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Estonia is leading the way in smart city solutions

Thirteen years ago, the surrounding area of the national airport in Estonia was nothing but a garbage dump next to some dilapidated housing. Today, the area boasts one of the most exciting and innovative business campuses in Europe. More than 10 000 people work in this increasingly smart part of town, today known as Ülemiste City, and it is a base for more than 400 companies. Smart and green city solutions are also being developed elsewhere in Estonia.

Ülemiste City area, which today can be considered an unofficial part of Tallinn, was an industrial district of the Dvigatel factory during the Soviet era. Both consumer goods and military equipment were produced on the 36 hectares of land. When Mainor privatised the area, the initial plan was to renovate the industrial complex. But times changed. The founding father of the campus was the late Ülo Pärnits.

‘Ülo was 70 years old when he proposed that we build a smart city here. In a general sense his idea still underpins it all. He wanted young talents not to leave Estonia and stay to follow their dreams,’ says Margus Nõlvak, Chairman of Mainor Ülemiste. The discussion was never about an office landscape, but about the city of the future.

The campus is being developed by Mainor Ülemiste and Technopolis Ülemiste, which is partially listed on the Finnish Stock Exchange and partially belongs to Mainor. Technopolis was brought into the development process due to its valuable experience in developing business campuses. Back then there was a need for finances and know-how. At first, Mainor was alone and spent its energy on bringing the first companies, including the well-known IT companies Helmes and Nortal, to the campus.

‘Ülo Pärnits took an extraordinary step and created the first open private park on the campus. Our big picture includes a lot of greenery. The idea is to create the kind of environment where smart people want to be,’ says Ursel Velve, Board member of Mainor Ülemiste.

The moment everything changed

The residents of Tallinn witnessed the campus starting to develop. In addition to a growing number of local and foreign corporations, public institutions moved in. First hundreds, then thousands of employees. A breakthrough came about four to five years ago, when the first fine-dining restaurants and other services moved in, Selver opened its first supermarket and the sports club chain MyFitness was the icing on the cake.

‘People were waiting for years for the sports club. The service providers finally realised that there were enough people here needing their services on campus,’ recalls Nõlvak. It was the dream of developers to now have people spending as much time as possible on campus and not having to go out to train or find food. In addition, there is a kindergarten, a local and international school and the recently opened health clinic. At this point, the developers thought it was the right time to think about residential housing. The first project – Lurich House – has 81 rental apartments ready to be moved into soon.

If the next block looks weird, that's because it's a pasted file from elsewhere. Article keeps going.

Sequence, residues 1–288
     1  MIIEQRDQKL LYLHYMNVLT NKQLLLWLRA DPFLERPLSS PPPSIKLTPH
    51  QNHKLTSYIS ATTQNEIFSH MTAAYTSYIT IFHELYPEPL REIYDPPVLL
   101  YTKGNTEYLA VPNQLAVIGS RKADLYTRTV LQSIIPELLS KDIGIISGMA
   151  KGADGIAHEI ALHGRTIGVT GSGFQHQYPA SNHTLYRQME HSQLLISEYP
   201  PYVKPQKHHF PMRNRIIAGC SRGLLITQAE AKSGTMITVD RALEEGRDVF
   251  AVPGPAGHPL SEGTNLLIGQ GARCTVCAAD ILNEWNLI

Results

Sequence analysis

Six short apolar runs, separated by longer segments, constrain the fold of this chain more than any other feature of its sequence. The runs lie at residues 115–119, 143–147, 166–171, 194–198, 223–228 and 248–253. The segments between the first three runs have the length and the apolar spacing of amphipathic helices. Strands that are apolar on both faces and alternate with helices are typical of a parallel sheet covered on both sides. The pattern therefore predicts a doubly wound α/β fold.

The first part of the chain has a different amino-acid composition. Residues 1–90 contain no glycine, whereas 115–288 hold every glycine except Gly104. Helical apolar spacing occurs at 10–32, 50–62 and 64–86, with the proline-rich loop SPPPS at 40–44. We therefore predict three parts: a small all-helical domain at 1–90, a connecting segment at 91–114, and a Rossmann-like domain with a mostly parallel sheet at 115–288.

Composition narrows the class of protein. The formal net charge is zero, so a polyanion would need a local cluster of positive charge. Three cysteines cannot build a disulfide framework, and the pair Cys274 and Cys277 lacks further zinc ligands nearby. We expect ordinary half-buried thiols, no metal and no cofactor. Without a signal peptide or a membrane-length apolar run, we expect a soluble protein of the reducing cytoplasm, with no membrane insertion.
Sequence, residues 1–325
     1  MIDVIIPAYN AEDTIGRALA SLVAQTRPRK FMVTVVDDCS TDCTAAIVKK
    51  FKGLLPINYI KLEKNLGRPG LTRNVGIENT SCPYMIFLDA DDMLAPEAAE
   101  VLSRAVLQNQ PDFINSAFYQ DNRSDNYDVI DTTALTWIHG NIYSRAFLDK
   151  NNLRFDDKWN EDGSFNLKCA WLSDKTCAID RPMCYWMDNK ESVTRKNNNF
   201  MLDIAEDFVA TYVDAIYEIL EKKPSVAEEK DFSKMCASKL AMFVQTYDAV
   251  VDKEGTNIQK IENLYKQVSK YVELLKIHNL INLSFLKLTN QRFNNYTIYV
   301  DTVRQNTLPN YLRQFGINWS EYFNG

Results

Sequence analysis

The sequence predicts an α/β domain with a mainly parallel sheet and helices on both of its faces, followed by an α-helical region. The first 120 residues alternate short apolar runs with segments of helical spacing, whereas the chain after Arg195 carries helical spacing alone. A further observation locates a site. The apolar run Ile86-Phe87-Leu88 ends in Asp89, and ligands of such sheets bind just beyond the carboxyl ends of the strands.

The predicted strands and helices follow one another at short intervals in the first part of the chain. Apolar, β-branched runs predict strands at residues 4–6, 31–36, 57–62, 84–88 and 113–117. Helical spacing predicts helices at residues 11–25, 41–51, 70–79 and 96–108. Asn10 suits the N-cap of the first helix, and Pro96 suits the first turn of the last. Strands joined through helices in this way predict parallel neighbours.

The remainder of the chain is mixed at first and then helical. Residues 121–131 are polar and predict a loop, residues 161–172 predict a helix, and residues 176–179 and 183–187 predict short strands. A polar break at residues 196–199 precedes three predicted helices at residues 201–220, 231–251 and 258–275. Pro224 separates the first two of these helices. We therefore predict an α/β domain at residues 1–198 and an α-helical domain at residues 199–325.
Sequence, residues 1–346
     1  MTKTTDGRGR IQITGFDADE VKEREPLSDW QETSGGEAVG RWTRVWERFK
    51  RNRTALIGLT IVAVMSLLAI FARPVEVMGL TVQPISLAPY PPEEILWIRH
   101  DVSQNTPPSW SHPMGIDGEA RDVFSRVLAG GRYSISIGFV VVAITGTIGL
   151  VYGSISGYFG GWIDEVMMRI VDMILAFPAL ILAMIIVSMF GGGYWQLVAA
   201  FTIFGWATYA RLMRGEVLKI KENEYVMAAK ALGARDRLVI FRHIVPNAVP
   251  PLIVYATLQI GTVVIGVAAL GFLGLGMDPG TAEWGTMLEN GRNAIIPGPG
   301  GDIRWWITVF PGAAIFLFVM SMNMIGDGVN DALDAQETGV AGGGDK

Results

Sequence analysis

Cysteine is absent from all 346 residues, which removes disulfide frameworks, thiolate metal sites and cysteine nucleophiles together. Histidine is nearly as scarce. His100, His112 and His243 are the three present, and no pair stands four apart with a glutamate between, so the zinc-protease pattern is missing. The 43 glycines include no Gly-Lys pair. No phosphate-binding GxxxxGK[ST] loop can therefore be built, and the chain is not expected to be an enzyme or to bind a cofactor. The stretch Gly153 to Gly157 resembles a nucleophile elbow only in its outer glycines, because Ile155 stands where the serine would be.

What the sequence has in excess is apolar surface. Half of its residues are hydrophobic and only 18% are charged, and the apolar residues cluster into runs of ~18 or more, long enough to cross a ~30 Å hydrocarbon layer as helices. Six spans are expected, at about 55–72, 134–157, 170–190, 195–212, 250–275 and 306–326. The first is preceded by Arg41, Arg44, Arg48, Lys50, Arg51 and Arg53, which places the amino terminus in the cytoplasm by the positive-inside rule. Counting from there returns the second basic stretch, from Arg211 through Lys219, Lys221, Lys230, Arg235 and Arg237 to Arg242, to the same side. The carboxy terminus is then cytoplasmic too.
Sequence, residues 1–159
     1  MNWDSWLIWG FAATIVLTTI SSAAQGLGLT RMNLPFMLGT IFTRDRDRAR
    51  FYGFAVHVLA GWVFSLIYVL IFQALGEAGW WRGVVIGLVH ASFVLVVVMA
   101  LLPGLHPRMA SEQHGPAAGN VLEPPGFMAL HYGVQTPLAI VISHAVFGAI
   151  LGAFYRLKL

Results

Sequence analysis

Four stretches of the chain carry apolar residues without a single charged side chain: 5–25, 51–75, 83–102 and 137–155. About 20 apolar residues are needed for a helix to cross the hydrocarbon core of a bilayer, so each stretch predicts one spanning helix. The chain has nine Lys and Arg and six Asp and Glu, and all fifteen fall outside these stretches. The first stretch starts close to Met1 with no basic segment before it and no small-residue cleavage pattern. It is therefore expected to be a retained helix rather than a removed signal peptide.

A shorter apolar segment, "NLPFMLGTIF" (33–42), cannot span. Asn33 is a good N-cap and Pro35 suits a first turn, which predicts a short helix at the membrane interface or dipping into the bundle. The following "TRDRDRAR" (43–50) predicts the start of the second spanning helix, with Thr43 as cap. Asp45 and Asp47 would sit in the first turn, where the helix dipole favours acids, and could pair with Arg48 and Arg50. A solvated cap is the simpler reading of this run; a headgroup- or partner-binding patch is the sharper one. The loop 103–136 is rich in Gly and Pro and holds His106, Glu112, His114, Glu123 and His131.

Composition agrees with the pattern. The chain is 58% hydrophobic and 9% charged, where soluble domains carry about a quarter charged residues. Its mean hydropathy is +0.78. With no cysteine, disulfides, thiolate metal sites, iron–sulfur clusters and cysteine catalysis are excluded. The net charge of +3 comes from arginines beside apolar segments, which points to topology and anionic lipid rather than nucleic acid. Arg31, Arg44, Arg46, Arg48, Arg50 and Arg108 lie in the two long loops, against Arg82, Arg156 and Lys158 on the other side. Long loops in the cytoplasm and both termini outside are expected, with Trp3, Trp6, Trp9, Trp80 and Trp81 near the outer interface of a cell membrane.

Keeping the ecological footprint small

As the campus grew, so did the ecological footprint of the area. Electricity, cars, garbage and other things put a strain on the environment. An advantage of Ülemiste City is that the campus is being developed gradually and hence decisions can be taken flexibly. The developers regularly listen to the companies on campus – their customers. For example, it was recently decided that the establishments on campus should not sell food and beverages with single-use plastics. Even the large supermarket chain Selver agreed to come along with this initiative, albeit they need a transition period.

‘When we talk about a smart city, we often only think about technology. People tend to ask us what kind of smart solutions we have. But smartness is also about clever city planning and a generally great working environment. This includes the natural environment,’ says Velve.

Smart parking

Smart technological solutions are all around the campus. For example, making use of the already existing network of security cameras, a smart parking system that shows available parking spots on campus was recently created. Before, one had to drive all around campus to find a parking spot. ‘It is a great example of our way of thinking. Our aim is to solve the problems people on campus have, to save their time and to make their lives easier and more comfortable, so that they can focus on the most important thing of doing their jobs very well,’ explains Nõlvak.

The developers of Ülemiste City believe that future cities will use various solutions, including technological ones, in order to create living- and working environments where people can go about their lives as easily as possible.

‘The owners of this campus deserve a lot of praise. They enable us to work creatively. We can accomplish what we want here and we have been told that it is not the main goal to maximise profit. The supportive environment is more important,’ adds Nõlvak. A sense of mission is more important here than money.